Former MP Phil Woolas says court case will help Labour
Former Oldham East MP Phil Woolas has said the court case which ejected him from the seat will help Labour's chances in this week's by-election.
The ex-Labour MP, who was barred from politics over false statements about his rival, said people did not like judges "telling them who to vote for".
But the Lib Dems said it showed Mr Woolas was "unrepentant" and said he should apologise for his actions.
Voters in Oldham East and Saddleworth go to the polls on Thursday.
David Cameron, Ed Miliband and Nick Clegg have all visited the Greater Manchester seat in recent days.
The by-election was prompted by a specially-convened election court's ruling banning Mr Woolas from Parliament.
At the general election Mr Woolas got 31.9% of votes and Lib Dem Elwyn Watkins 31.6%, with Conservative Kashif Ali on 26.4%. The BNP got 5.7% of votes, UKIP 3.9% and the Christian Party 0.5%.
The by-election is the first to be held since the last election, making it the first significant test of the coalition government's popularity.
The contest was triggered after a court found that former Mr Woolas, the former immigration minister, had made false statements about Mr Watkins in last year's campaign and invalidated the poll outcome.
It also barred Mr Woolas from standing for public office for three years.
But the former MP told the Manchester Evening News: "The feedback I have had is that people in the constituency did not like two judges coming up from London and telling them who to vote for. What happened to me will work in Labour's favour."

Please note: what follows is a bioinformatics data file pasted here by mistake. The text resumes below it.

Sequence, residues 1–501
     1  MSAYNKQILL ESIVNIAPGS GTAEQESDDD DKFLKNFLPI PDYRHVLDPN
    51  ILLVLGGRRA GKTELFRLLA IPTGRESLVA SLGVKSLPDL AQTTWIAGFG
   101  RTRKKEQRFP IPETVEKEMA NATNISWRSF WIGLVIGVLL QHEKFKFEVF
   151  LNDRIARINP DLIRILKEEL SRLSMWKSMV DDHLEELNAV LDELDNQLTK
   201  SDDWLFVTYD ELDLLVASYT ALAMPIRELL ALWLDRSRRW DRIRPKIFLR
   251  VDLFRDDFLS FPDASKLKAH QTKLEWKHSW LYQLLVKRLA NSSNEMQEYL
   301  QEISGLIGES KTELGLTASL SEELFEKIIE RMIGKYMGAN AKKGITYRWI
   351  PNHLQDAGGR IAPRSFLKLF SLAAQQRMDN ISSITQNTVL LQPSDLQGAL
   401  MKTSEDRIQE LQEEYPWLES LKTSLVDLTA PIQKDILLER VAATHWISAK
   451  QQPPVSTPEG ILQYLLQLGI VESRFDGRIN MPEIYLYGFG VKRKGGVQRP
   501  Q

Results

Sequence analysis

A spokesman for the Liberal Democrat campaign said it showed "just how unrepentant" Mr Woolas was.
"Judges have not told people how to vote - five High Court judges ruled that he broke the law."
The Conservative candidate, Kashif Ali, told BBC Newsnight he had not found the Woolas case to be a big issue in the campaign.
Asked if it had harmed Labour's chances, he said: "I don't think, on the doorstep, it's been raised much and I don't think many people are talking about it, so it's not absolutely clear it has."
Mr Clegg has said Oldham and Saddleworth's voters face a "simple choice" between his Liberal Democrats and Labour.
But Labour leader Ed Miliband has urged people to "send a message" to the government over its spending cuts.
Meanwhile, Mr Cameron has rejected claims that the poll amounts to a referendum on the Conservative-Lib Dem coalition.
The full list of candidates (in alphabetical order) is:
- Debbie Abrahams (Labour)
- Derek Adams (British National Party)
- Kashif Ali (Conservative)
- Peter Allen (Green Party)
- David Bishop (Bus-Pass Elvis Party)
- The Flying Brick (Monster Raving Loony Party)
- Loz Kaye (Pirate Party of the United Kingdom)
- Stephen Morris (English Democrats)
- Paul Nuttall MEP (UK Independence Party)
- Elwyn Watkins (Liberal Democrats)